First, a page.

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Fictional characters going undercover need snazzy aliases so that they aren't recognized. Can't think of what to call yourself, and the scenery isn't providing any helpful hints? Just use the name of a character from fiction, or the name of a real famous person! No one will ever know who you really are.
If a character makes a habit out of doing this, it may be a case of Themed Aliases.
- In Five Star Stories by Mamour Nagano, the main character uses the alias Ladios Sopp. In Heavy Metal L-Gaim, which Nagano worked on, the main villain is Oldna Poseidal. Ladios Sopp backwards is (P)possoidal.
- In Detective Conan (Case Closed in the English dub), Shin'ichi Kudo is changed into a little boy by a powerful poison. When he returns to his house after the change, he is surprised by his girlfriend Ran Mouri and hastily thinks up the name of Conan, from the famous author of Sherlock Holmes. His fake last name of Edogawa comes from a famous Japanese author.
- Edogawa Ranpo, a Japanese mystery author, whose pen name in turn is a pun on Edgar Allan Poe (Edogaa Aran Po).
- Tower of God: Baam calls himself Jyu Viole Grace and Rachel is suddenly Michelle Light. It is implied that Ja Wagnan's name is also jut an alias. Finally there is Wave Controller instructor Yuga, who's real name and identity is the secret service agent Ren.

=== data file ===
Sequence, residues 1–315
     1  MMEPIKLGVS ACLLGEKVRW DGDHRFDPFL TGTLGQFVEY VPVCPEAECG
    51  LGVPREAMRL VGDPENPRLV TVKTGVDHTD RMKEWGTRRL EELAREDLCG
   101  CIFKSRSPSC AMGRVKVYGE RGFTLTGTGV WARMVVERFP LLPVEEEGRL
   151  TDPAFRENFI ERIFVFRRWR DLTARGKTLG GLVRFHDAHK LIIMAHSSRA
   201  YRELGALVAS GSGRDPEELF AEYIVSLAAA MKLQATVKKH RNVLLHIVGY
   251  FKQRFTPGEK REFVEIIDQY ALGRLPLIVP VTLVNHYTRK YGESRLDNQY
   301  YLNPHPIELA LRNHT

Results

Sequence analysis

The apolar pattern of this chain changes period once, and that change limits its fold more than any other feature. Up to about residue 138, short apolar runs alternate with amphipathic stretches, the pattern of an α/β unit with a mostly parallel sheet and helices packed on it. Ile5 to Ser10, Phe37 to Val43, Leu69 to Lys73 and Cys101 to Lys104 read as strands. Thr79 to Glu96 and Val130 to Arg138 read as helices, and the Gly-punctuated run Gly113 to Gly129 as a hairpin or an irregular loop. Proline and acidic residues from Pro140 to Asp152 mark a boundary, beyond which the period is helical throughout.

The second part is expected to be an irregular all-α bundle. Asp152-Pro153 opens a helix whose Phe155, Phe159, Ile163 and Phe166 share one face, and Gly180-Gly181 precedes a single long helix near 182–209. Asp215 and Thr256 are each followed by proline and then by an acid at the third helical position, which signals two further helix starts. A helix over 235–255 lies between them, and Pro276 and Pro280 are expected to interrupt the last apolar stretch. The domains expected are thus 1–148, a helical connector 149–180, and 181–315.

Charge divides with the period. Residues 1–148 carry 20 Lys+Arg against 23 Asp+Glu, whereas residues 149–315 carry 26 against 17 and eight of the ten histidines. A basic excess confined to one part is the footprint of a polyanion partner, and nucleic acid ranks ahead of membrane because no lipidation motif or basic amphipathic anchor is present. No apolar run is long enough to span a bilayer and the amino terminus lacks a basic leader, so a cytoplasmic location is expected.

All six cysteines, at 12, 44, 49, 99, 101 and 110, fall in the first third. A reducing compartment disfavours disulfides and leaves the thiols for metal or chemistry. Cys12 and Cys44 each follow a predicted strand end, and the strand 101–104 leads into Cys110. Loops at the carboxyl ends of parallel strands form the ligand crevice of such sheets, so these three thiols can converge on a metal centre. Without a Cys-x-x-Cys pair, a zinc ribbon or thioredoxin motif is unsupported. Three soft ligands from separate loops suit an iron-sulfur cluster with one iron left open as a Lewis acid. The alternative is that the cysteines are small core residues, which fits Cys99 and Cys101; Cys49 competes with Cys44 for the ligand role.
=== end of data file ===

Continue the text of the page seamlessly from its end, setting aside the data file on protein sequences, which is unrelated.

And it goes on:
- The Martian Manhunter, shapeshifted into an (apparently) Japanese woman, as "Hino Rei". Seriously. What's more: Batman picked up on the reference. Out-of-universe, this is supposedly due to someone pranking the author when he asked for a name connected with Mars.
- Spyboy's partner Bombshell attended his sleeper personality's high school under the name "Marta Hari."
- When Young Justice infiltrated said high school, they used even more obvious aliases, including Rob Roy (Robin) and Helena Troy (Wonder Girl). Mercifully the charade didn't last long.
- Sonichu 1984 has the anonymous main character make up the alias "Winston" when meeting another character, who uses the alias "Orwell".
- This trope was also part of a major trolling scheme against the "original" Sonichu author, who was successfully convinced that his comic was being plagiarized by an Englishman named Jimmy Hill, who is actually a football commentator.
- All of the aliases used on name tags by the main character in Fight Club are names from films such as Taxi Driver (Travis) and Planet of the Apes (Cornelius).